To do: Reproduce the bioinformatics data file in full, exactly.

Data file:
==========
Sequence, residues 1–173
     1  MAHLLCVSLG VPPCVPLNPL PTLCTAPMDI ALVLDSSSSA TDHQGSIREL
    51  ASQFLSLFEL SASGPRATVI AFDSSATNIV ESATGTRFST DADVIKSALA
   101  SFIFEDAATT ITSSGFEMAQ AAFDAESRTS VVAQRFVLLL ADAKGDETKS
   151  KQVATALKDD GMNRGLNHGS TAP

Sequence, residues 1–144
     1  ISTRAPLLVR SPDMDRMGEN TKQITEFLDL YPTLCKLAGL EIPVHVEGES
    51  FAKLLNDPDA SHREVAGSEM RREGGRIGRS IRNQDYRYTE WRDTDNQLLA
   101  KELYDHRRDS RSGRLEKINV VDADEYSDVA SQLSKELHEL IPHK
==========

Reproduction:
Sequence, residues 1–173
     1  MAHLLCVSLG VPPCVPLNPL PTLCTAPMDI ALVLDSSSSA TDHQGSIREL
    51  ASQFLSLFEL SASGPRATVI AFDSSATNIV ESATGTRFST DADVIKSALA
   101  SFIFEDAATT ITSSGFEMAQ AAFDAESRTS VVAQRFVLLL ADAKGDETKS
   151  KQVATALKDD GMNRGLNHGS TAP

Sequence, residues 1–144
     1  ISTRAPLLVR SPDMDRMGEN TKQITEFLDL YPTLCKLAGL EIPVHVEGES
    51  FAKLLNDPDA SHREVAGSEM RREGGRIGRS IRNQDYRYTE WRDTDNQLLA
   101  KELYDHRRDS RSGRLEKINV VDADEYSDVA SQLSKELHEL IPHK